Living in the bucolic hills west of Petaluma is both a blessing and a curse. On scorching summer days, when Petaluma and the rest of Sonoma County are baking under oppressive heat, Tomales is typically 20 degrees cooler, thanks to the breezy ocean air.

But that salty wind can also create a corrosive climate that is terribly unforgiving on buildings.

This is the problem that officials in the Shoreline Unified School District are dealing with. The district’s five weathered schools have much deferred maintenance, most of it due to the incessant wind. District officials this election are seeking $19.5 million in bonds to tackle some of the most pressing needs, and voters should support them by voting yes on Measure I.

Measure I is a modest bond issue, which would only fund half of the estimated $40 million in repairs to school windows, roofs and portable classrooms. Officials have said they will seek grant funding to take care of the rest of the maintenance. It would add $39 to a property owner’s tax bill per $100,000 of assessed value.

The district last asked voters to issue bonds in 2009 with a $9.3 million measure. With that money, the district was able to modernize Tomales High School, which was built in the 1970s, Raines said.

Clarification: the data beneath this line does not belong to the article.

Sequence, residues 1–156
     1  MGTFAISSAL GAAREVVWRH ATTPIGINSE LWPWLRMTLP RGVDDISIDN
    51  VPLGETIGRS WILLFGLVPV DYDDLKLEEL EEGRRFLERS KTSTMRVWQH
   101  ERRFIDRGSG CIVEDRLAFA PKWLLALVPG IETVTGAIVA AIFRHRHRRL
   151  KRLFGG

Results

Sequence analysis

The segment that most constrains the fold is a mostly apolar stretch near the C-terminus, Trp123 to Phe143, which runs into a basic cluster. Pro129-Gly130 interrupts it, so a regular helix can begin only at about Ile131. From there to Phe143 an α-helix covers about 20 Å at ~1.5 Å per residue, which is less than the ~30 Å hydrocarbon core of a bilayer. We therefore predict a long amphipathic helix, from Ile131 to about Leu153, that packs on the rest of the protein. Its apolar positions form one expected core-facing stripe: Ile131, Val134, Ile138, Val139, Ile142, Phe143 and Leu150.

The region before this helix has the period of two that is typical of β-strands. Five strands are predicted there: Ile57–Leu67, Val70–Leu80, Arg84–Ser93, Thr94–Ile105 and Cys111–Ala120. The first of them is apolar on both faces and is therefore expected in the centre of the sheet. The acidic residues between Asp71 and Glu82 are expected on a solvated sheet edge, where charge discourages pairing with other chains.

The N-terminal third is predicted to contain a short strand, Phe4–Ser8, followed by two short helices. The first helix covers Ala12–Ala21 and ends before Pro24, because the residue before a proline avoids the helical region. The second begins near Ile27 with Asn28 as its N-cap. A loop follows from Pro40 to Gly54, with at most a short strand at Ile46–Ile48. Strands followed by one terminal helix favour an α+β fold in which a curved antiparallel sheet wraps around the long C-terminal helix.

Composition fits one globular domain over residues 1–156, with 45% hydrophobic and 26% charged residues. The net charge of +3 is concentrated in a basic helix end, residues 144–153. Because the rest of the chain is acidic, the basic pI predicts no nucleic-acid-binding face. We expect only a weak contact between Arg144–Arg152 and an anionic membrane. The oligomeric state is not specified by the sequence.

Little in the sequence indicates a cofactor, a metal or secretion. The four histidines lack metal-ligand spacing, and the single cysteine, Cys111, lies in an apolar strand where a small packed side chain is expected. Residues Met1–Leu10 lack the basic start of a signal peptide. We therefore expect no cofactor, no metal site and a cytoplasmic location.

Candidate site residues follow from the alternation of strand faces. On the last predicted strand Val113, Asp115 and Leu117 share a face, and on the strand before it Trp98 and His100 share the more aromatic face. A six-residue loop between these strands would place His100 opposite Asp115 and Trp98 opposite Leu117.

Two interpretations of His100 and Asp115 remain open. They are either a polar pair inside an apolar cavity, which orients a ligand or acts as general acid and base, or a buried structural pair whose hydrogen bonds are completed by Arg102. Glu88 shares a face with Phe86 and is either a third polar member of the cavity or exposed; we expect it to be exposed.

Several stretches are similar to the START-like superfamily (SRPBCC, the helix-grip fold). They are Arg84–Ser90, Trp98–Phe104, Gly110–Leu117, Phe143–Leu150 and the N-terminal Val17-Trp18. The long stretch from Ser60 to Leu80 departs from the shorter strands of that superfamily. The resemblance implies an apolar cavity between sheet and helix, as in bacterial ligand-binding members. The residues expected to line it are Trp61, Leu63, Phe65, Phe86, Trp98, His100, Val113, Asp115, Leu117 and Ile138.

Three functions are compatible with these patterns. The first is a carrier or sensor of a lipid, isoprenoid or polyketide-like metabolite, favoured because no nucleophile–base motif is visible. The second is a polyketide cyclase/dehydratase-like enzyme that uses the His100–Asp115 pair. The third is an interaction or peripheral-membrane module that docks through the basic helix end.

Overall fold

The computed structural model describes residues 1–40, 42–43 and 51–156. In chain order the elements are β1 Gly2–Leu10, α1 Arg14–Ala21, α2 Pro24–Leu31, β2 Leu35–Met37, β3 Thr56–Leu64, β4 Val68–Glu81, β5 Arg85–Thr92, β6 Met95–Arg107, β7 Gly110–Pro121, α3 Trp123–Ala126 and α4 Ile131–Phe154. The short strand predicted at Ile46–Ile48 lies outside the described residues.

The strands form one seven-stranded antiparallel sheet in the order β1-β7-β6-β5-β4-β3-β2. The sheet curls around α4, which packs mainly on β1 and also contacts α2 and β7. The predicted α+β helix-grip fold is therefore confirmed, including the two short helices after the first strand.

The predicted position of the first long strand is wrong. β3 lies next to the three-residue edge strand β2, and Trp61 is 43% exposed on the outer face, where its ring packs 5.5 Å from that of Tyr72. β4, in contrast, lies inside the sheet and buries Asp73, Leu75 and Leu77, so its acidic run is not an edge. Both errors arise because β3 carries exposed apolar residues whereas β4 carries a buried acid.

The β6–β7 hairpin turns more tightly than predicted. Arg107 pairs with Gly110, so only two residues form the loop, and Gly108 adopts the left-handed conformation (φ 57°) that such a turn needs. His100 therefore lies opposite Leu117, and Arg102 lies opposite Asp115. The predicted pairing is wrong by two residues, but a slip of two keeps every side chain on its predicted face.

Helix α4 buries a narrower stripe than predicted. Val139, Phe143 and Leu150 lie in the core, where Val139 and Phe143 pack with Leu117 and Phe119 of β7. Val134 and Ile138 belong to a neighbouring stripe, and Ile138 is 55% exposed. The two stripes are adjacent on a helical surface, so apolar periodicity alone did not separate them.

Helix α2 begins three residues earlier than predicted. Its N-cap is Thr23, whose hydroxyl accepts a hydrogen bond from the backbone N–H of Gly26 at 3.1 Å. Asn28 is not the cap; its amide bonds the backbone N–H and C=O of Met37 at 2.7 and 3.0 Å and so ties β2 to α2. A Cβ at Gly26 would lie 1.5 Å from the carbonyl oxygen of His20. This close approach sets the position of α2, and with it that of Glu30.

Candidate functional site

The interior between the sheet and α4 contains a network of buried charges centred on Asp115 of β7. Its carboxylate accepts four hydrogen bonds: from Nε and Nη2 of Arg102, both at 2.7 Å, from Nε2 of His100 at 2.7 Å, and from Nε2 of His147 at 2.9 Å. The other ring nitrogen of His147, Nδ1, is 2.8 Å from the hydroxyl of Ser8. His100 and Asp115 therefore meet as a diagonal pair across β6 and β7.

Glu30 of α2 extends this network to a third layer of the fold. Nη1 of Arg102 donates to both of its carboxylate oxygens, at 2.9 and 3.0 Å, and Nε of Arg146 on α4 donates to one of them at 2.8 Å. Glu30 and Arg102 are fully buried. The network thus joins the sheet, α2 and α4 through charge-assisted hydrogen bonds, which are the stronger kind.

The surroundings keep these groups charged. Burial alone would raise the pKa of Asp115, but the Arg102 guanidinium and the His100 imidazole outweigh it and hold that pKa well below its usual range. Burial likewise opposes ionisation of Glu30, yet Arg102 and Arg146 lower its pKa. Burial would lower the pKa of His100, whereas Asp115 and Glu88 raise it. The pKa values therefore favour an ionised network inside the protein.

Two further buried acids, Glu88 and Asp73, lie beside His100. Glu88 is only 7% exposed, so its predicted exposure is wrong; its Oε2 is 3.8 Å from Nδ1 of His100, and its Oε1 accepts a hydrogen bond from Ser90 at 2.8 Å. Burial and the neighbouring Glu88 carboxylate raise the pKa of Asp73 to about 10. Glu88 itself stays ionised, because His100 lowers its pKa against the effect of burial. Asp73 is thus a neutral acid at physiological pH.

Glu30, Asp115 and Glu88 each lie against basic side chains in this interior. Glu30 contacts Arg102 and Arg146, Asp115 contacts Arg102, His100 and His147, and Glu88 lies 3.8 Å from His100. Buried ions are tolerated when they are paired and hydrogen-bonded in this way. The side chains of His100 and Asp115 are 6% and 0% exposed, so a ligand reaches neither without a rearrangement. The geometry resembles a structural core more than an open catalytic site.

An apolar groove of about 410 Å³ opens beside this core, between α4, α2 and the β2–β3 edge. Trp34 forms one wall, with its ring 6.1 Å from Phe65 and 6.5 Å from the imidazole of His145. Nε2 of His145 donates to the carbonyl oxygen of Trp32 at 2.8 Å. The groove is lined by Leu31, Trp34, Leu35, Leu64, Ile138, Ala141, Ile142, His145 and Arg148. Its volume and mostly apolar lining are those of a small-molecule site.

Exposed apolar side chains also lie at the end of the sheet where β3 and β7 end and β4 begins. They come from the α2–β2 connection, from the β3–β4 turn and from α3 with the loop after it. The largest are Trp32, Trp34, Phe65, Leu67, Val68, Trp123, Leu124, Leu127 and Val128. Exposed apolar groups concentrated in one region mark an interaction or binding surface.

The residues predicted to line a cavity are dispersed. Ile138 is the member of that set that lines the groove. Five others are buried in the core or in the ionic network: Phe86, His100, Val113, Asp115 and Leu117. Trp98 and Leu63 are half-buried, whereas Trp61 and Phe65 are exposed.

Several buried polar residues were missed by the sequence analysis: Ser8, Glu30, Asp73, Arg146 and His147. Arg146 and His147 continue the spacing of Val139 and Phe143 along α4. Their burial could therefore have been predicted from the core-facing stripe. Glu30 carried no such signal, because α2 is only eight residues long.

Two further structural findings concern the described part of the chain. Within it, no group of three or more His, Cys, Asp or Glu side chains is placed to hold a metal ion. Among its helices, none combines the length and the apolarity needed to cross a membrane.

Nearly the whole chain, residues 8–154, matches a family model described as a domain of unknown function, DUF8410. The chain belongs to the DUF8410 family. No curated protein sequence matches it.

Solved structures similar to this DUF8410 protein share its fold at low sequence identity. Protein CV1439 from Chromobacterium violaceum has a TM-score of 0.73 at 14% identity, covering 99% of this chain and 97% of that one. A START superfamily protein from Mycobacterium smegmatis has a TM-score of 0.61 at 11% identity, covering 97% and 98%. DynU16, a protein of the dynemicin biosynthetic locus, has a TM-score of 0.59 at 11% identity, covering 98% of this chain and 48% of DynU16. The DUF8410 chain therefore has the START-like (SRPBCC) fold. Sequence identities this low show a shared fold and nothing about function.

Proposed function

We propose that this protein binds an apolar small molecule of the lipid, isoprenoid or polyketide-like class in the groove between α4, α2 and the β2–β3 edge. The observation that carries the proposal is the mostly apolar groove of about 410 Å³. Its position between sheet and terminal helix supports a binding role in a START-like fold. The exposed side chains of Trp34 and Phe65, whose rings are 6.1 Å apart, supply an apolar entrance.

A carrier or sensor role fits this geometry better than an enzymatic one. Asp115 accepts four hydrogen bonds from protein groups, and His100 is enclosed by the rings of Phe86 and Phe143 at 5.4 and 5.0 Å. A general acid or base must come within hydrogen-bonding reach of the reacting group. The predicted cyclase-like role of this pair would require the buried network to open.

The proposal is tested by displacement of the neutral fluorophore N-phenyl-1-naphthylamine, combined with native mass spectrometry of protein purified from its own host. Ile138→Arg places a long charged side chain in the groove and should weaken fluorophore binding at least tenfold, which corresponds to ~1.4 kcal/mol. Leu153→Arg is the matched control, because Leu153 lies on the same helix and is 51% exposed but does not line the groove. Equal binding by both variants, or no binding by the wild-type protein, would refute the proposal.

Like most school bonds, Measure I would create a committee to oversee the spending. There is no public opposition to the measure, and the Sonoma County Taxpayers Association said it is not opposing school bonds this year.

Shorline is a vast district in a sparsely populated area of west Marin and Sonoma counties. It spans from Bodega Bay to Pt. Reyes, and educates 510 students.

District residents know the challenges of living with the ocean breeze. They also know that their school district accomplishes a lot with the resources it has. But these repair projects shouldn’t be put off any longer, and duct tape won’t hold up well in the coastal air.

To help fix the weathered Shoreline schools, the Argus-Courier recommends voting yes on Measure I.